Movement in the Pews Tries to Jolt Ohio
By James Dao, New York Times, March 27, 2005
COLUMBUS, Ohio - Christian conservative leaders from scores of Ohio's fastest growing churches are mounting a campaign to win control of local government posts and Republican organizations, starting with the 2006 governor's race.
In a manifesto that is being circulated among church leaders and on the Internet, the group, which is called the Ohio Restoration Project, is planning to mobilize 2,000 evangelical, Baptist, Pentecostal and Roman Catholic leaders in a network of so-called Patriot Pastors to register half a million new voters, enlist activists, train candidates and endorse conservative causes in the next year.
The initial goal is to elect Secretary of State J. Kenneth Blackwell, a conservative Republican, governor in 2006. The group hopes to build grass-roots organizations in Ohio's 88 counties and take control of local Republican organizations.
''The establishment of the Ohio Republican Party is out of touch with its base,'' said Russell Johnson, the pastor of the Fairfield Christian Church and the principal organizer of the project. ''It acts as if it lives in Boston, Mass.''
Pastor Johnson's challenge to the party establishment could have far-reaching consequences in a state dominated by Republican elected officials but still considered a bellwether in presidential politics. Conservatives in other swing states are watching closely.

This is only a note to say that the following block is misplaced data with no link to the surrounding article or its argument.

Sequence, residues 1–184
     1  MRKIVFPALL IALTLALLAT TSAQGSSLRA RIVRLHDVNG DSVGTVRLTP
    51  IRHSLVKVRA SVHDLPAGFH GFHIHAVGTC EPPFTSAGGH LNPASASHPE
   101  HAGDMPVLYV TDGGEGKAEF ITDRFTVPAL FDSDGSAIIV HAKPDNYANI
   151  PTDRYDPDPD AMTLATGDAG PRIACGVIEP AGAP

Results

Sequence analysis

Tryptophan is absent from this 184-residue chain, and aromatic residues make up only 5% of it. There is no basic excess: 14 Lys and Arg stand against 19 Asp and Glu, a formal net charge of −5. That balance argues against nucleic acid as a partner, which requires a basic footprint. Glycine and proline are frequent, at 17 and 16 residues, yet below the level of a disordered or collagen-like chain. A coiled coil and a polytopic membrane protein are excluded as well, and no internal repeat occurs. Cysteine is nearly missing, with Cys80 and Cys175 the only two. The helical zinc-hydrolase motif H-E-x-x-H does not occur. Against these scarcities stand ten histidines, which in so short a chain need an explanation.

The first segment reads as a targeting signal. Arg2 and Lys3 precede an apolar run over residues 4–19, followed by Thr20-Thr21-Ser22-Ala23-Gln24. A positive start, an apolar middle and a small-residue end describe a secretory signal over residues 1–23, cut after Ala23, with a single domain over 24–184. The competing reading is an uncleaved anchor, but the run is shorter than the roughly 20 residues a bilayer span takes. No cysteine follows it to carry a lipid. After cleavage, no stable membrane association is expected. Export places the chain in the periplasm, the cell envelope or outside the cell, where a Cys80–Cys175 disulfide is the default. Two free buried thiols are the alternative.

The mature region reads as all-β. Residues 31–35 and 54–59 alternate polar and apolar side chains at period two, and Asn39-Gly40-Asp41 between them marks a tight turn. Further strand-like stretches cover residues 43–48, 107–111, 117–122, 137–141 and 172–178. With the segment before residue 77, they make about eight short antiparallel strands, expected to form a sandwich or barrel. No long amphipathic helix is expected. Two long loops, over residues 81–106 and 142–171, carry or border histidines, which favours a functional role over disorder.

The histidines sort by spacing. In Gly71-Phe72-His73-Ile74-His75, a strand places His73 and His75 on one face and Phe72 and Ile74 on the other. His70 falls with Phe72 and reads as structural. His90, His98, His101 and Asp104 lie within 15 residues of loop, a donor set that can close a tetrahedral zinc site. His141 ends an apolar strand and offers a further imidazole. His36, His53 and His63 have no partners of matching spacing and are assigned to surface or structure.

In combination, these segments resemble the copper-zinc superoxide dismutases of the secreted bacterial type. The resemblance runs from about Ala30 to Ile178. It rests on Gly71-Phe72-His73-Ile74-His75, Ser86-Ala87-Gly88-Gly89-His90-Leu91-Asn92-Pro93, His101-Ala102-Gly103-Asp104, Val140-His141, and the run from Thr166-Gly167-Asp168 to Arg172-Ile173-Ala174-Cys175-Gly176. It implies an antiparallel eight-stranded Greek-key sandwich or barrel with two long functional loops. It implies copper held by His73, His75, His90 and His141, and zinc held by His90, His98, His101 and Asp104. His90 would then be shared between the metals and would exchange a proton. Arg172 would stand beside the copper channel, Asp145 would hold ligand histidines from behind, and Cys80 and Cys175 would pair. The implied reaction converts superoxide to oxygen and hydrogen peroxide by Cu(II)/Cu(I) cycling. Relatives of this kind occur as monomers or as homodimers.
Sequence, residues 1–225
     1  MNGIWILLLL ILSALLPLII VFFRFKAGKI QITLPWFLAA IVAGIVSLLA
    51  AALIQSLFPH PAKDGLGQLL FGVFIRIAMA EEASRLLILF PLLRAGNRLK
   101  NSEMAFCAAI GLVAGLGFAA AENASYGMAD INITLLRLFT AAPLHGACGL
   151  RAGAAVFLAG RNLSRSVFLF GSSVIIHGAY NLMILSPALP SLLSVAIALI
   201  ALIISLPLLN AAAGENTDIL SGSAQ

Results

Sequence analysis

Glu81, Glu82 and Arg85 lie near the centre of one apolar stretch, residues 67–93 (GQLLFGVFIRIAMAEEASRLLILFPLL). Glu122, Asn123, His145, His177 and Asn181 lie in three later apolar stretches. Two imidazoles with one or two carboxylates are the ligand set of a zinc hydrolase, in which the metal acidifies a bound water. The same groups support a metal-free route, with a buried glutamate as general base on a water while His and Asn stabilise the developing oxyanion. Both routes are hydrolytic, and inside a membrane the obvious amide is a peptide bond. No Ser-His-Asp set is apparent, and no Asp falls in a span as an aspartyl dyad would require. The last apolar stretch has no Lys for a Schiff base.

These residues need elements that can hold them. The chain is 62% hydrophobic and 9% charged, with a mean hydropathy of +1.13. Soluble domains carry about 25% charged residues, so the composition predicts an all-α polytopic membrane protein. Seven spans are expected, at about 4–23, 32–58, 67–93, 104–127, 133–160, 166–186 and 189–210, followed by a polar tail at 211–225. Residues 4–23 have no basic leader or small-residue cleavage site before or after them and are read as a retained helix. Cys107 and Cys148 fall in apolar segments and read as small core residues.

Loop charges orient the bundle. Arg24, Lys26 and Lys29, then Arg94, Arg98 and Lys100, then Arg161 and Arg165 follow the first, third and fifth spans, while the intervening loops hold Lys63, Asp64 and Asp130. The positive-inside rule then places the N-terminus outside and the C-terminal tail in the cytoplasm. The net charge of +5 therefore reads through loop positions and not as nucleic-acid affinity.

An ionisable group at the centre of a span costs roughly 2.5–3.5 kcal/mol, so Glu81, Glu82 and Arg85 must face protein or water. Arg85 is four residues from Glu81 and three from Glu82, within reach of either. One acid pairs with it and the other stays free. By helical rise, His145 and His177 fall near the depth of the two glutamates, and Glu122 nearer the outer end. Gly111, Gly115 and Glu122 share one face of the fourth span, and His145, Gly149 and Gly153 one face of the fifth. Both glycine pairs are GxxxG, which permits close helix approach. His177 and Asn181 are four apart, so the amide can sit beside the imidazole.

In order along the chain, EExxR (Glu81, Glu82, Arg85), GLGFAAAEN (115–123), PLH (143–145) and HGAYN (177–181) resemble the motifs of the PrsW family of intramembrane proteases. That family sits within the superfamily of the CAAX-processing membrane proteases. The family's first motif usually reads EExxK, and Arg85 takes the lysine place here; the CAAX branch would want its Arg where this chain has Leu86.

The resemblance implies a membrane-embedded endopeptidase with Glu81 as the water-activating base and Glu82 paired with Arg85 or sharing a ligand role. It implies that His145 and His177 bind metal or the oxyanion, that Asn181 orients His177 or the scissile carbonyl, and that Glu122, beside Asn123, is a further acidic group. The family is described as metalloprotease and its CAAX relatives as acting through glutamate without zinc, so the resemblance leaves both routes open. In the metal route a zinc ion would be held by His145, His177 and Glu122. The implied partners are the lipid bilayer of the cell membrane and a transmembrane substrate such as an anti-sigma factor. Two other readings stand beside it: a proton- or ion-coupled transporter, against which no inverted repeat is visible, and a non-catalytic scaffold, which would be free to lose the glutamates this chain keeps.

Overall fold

''In Ohio, the church is awakening to its historic role as the moral voice in the community,'' said Colin A. Hanna, president of Let Freedom Ring, a conservative group based in Pennsylvania that trains ministers in political activism. ''Ohio is in the vanguard of that nationally. I very much want Pennsylvania to be with them.''
The church leaders say they will try to harness the energy of religious conservatives who were vital not only to Mr. Bush's narrow victory in Ohio but also to passage of an amendment to the state constitution banning same-sex marriage. The amendment, known as Issue 1, was credited with drawing large numbers of rural and suburban conservatives to the polls and increasing Mr. Bush's support among urban blacks.